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Texas Republicans complete major voting restrictions


And in their campaign, Republicans overcame objections from Democrats, constituencies and big corporations. Companies like American Airlines, Dell Technologies and Microsoft spoke out against Texan law shortly after the law was passed, but the pressure has so far been largely ineffective.

The final 67-page bill, known as SB 7, turned out to be the amalgamation of two bulk votes that had worked their way through state legislation. It contained many of the provisions originally put in place by the Republicans, but lawmakers dropped some of the strictest, such as an ordinance on the allocation of voting machines that would have closed polling stations in color communities, and a measure that would have allowed partisan election observers to record the voting process on video.

However, the bill contains a provision that could make it easier to overthrow an election. Previously, Texas electoral law had stipulated that reversing election results due to fraud allegations required evidence that illegal votes actually resulted in an illegitimate victory. If the bill is passed, the number of fraudulent votes required to do so should simply be equal to the difference in the winning votes. It wouldn’t matter who the fraudulent votes were cast for.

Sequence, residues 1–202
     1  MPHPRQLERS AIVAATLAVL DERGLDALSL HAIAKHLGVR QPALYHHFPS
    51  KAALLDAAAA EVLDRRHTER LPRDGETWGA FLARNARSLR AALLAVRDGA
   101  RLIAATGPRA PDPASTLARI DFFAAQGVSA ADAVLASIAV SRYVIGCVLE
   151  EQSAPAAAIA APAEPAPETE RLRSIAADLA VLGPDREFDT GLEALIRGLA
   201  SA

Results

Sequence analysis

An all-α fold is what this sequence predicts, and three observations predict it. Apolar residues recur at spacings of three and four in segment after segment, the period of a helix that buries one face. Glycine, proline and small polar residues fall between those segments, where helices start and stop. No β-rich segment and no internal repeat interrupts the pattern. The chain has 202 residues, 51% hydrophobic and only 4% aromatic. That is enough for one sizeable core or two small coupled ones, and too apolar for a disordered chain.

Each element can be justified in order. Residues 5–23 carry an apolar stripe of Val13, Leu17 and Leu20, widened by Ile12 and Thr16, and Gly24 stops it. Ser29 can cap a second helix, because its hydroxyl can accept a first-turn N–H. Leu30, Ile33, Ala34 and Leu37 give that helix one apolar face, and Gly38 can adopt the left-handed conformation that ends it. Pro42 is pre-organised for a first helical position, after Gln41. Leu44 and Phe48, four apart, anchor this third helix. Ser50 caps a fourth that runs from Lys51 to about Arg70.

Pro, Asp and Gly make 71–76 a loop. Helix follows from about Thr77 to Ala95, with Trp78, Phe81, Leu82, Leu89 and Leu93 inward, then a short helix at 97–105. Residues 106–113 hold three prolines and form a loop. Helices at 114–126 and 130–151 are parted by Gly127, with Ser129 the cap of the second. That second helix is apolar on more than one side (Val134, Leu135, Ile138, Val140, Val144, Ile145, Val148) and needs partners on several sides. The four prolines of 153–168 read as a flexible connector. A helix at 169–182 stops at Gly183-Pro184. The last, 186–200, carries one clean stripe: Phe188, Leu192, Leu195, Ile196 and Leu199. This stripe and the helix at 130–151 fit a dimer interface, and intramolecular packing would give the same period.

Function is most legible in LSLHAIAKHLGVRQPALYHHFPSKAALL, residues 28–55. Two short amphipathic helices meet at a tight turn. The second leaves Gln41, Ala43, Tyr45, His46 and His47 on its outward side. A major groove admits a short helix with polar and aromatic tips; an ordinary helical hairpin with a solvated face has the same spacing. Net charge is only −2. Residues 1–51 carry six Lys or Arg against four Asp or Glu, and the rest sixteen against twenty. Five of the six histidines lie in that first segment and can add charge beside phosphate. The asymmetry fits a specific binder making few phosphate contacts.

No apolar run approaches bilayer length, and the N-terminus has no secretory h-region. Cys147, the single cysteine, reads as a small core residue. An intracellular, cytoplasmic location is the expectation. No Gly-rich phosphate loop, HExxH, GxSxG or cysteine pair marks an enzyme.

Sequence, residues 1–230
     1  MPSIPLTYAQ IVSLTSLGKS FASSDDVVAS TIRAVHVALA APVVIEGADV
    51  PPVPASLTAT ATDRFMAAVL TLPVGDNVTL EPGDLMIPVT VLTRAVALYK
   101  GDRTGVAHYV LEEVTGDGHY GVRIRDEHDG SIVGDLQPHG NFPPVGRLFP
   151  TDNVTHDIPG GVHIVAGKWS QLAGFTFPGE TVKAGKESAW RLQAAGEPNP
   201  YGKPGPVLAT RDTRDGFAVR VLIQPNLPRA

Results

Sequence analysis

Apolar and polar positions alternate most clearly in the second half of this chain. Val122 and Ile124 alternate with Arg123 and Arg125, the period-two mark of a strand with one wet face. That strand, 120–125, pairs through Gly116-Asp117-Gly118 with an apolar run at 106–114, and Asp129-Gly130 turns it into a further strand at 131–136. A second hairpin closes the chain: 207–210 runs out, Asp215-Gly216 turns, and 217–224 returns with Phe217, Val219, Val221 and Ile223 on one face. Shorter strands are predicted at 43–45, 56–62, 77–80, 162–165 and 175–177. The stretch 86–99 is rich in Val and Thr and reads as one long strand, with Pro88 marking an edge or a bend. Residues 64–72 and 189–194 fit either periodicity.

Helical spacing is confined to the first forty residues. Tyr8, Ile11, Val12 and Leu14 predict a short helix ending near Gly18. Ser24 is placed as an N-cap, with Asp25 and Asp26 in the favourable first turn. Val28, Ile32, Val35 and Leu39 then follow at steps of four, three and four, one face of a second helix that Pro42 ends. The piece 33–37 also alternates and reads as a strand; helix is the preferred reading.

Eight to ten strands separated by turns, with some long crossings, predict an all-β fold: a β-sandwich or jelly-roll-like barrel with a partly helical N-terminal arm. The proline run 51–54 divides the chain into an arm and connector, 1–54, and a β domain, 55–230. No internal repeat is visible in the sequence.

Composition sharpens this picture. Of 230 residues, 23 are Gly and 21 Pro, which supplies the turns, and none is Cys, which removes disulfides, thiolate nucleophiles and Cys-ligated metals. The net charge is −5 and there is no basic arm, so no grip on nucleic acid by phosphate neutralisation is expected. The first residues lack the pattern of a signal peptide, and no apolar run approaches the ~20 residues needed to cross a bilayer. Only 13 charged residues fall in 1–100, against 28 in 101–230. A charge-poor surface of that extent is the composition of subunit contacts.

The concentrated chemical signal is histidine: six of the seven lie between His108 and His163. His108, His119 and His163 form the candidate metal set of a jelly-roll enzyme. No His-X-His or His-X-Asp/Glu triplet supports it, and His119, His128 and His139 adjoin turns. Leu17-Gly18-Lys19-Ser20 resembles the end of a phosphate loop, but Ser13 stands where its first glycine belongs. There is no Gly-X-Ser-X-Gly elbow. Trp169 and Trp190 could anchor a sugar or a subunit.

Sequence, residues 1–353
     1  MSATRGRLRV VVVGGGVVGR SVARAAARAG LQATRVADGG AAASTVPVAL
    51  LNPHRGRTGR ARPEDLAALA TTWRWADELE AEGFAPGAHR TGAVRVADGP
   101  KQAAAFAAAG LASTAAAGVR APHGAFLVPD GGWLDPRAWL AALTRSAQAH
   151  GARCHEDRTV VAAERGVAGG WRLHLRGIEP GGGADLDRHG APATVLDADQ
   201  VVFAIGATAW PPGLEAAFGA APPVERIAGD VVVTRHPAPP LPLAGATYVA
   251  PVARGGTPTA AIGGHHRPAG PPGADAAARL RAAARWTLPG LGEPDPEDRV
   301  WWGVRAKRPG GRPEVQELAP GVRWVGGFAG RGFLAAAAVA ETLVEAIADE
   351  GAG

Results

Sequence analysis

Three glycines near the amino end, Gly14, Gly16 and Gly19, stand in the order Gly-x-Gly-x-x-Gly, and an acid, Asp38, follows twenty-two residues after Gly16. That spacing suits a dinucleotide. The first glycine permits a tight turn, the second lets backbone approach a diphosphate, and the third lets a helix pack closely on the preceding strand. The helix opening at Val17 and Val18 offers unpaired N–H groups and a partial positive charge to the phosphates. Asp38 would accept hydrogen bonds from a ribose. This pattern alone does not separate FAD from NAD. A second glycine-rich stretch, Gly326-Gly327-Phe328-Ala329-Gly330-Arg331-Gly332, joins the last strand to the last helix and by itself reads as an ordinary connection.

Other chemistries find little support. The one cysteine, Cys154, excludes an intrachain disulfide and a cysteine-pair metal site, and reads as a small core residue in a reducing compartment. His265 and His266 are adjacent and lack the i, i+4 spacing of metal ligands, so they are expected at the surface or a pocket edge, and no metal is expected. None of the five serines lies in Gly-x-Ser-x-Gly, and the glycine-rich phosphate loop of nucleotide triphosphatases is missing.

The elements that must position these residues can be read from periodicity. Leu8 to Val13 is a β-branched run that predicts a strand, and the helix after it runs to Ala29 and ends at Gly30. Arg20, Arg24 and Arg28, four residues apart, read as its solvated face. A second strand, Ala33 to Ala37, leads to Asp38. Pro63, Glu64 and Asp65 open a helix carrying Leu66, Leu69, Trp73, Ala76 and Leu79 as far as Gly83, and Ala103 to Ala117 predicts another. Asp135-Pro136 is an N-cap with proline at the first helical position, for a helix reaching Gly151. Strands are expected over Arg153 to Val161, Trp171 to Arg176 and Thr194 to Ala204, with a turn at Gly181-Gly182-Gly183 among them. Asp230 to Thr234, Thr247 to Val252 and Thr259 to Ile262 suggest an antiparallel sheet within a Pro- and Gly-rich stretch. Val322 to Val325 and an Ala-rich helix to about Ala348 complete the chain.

Democrats and constituencies were quick to condemn the bill.

“SB 7 is a ruthless law,” said Sarah Labowitz, director of politics and advocacy for the American Civil Liberties Union in Texas. “It is aimed at color voters and voters with disabilities in a state that is already the most difficult voting place in the country.”

But Republicans celebrated the proposed bill and resisted criticism from Mr Biden and others.

“As the White House and National Democrats work together to minimize electoral integrity, Texan lawmakers continue to fight for accessible and safe elections,” state Senator Bryan Hughes, one of the bill’s sponsors, said in a statement.

He added, “In Texas, we do not bow to headlines, signaling corporate virtues, or suppressing electoral integrity, even if it comes from the President of the United States.”

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